To be clear to the listener, because I think we glided over that, when they moved the Air Force group over to MIT they affiliated with Lincoln Laboratories.


Rosen:
It became the Lincoln Laboratory.


Geselowitz:
It became the Lincoln Laboratory which became MIT's sort of military research arm which later spun off as quasi-separate with its own board and so forth. That was much later, when the students complained about military work being done there.


Rosen:
Yes. The students complained. And they particularly did that rather late in the game.


Geselowitz:
Right. I'm talking about after you were there. I'm talking about in the late '60s and in the '70s.


Rosen:
I felt like a turkey, because here I was working my butt off and I thought doing good work, and these guys would come around and accuse me of being a warmonger. I had a son who hated being an engineer because I was an engineer and so on. All this SAGE activity transpired between something like 1950 and 1958.


During that period we did all of the basic architectural design and certainly laid the foundations for a lot of the hardware that was to follow. A flip-flop is a flip-flop is a flip-flop. It may look different, but it does the same thing. And AT&T was picked as the major contractor with Western Electric as the installing arm of the production SAGE System, They went off and they did that At the point in time when it was decided that there was going to be a production system the MITRE organization was formed. Forrester and his people then moved out and became the MITRE Corporation. They did very, very good work, wonderful work on computers. Forrester and his guys devised the core memories and the guys who did that then went off and formed DEC using the PDP something-or-other that had been built at the Lincoln Laboratories. That was a spin-off. Those guys were very good. But MITRE Corporation then went off to be a non-hardware thing and they still exist.


Geselowitz:
Sort of as a think tank.


Rosen:
Yes, as a think tank ultimately in the Washington area. Lincoln Laboratory on the other hand remained a hardware outfit. In the meantime, although the initial impetus for forming it was the SAGE project, other branches of the military electronic arts moved into it – communications, solid-state physics and radar. The radar work ultimately elided into the ballistic missile area looking stuff and the solid-state impinged on many areas. I'm not really competent to comment on it except that they did a lot of stuff like solid-state lasers for instance – some very, very useful devices including components for designing low-noise receivers.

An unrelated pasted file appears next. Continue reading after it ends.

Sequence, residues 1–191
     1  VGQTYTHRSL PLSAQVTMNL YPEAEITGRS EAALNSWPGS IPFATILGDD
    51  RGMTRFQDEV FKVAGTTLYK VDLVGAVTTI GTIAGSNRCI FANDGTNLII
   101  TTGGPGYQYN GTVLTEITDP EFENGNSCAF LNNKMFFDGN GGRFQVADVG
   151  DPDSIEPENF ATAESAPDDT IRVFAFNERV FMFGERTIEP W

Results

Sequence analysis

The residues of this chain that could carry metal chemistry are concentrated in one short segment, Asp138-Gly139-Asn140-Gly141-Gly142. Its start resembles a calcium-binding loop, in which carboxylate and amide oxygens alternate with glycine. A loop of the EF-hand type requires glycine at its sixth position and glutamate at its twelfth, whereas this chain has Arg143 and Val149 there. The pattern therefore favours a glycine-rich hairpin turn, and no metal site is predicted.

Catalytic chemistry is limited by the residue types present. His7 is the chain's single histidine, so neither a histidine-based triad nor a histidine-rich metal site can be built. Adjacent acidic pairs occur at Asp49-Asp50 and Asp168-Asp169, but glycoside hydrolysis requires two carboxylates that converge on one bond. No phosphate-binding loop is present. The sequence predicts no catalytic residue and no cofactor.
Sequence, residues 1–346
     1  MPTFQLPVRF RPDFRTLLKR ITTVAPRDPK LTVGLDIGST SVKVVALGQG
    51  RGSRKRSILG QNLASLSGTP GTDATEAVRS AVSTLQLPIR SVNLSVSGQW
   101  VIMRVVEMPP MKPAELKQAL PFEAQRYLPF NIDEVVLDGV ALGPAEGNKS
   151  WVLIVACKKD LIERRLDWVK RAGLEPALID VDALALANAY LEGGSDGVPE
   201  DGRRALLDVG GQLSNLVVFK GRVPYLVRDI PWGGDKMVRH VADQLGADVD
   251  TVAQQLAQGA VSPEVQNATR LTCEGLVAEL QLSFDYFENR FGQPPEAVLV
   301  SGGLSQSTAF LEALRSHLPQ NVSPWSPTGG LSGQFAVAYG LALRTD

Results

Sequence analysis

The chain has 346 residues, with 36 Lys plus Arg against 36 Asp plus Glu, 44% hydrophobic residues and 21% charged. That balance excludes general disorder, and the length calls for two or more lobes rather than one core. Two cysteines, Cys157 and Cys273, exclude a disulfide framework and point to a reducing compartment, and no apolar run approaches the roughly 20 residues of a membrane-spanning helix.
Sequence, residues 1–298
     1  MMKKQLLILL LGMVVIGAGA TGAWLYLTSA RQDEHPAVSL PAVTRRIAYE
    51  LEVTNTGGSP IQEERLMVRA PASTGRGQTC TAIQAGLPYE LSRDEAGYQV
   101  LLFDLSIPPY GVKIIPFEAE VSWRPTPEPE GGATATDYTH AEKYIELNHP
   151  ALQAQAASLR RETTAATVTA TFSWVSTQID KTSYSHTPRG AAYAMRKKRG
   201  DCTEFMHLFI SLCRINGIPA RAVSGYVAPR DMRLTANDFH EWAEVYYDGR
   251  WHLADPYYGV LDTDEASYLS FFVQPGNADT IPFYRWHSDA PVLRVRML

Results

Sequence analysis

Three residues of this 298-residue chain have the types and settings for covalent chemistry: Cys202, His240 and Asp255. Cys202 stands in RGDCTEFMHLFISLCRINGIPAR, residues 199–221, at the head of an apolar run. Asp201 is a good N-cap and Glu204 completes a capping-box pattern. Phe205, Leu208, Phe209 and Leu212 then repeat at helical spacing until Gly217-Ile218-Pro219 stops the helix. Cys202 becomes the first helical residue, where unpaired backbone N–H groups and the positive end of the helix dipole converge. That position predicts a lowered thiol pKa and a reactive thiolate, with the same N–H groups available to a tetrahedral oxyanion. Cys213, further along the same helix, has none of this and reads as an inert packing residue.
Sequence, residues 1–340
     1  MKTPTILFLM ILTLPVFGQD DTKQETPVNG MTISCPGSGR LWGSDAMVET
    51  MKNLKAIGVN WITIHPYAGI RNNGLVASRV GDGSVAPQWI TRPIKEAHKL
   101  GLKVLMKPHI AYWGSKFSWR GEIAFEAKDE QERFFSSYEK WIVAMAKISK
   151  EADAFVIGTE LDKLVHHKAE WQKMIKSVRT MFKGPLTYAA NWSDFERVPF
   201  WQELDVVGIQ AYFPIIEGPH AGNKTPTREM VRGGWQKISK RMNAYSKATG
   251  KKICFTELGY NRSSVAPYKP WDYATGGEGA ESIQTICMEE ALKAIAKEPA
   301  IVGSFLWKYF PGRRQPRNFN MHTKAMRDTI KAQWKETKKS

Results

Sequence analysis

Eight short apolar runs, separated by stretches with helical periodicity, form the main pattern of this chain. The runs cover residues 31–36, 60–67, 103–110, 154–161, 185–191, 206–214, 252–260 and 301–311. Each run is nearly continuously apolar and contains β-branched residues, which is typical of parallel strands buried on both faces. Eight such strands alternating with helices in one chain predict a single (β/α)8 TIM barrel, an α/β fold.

Space communications, speech processing, and spread-spectrum communications work

Rosen:

I was out of a job when SAGE moved out. I was invited to go to MITRE, but my societal leanings were not with that set of fellows. I was not a computer guy. I did not know how to add one and one. I also knew they were tending to be think-tankish, and I did not want to do that. There was then this question about what the heck we were going to do. It was decided that space communications was the next thing.


Geselowitz:
What year was this?


Rosen:
It was 1960.


Geselowitz:
It was not that far after Sputnik in other words.


Rosen:
I think it was stimulated by Sputnik. I was so low on the totem pole that I only heard whispers about Sputnik. It was decided we were going to go into the space communications business, but it was not clear who was going to do what. There were a lot of genuine communications people, among them Walter Morrow, who ultimately became the director of the laboratory.


William H. Radford, an MIT professor, who was the head of the communications division and ultimately became a director. The reason Walter sticks in my mind is that it was his initial notion on using the so-called Needles experiment that gave us the motivation for doing some real experiments on satellites and satellite communications. I did not talk enough about George Valley; an MIT professor who had worked at the Rad Lab. Valley inspired me. Working in Building 20 George would come around at 8 o'clock at night. He was then in charge of the ground environment – not the computers, but all the rest. Valley was on leave as a physics professor and was our boss. George would come around at 8 o'clock at night. He would wear a green sweater, a pair of gray pants and a jacket. I had a colleague who joked that that uniform had a zipper down the back. He would climb into it like a teddy bear thing and zip it up. That was George. He was a very inspiring man because he coupled with the troops. He stuck with the troops. And for me, professors were godlike. I liked him. He was a good man of integrity but I suspect he was not a very good politician. He ultimately became associate director of the laboratory. I don't think he ever became director. He was kissed off by being sent to be secretary of the Air Force for a while. Then he came back, did his thing at MIT but he never came back to the laboratory. I got a note from him many years later including a published review of what had been going on at the Lincoln Laboratory. His note said, "Paul, those were the wonderful days." They were. I did not get to see much of George because he was the director and I was a sort of a peon, but he was a very, very good guy. However his sense of politics and dealing with the Air Force and the MIT administration was perhaps not so sharp. I thought he got a raw deal.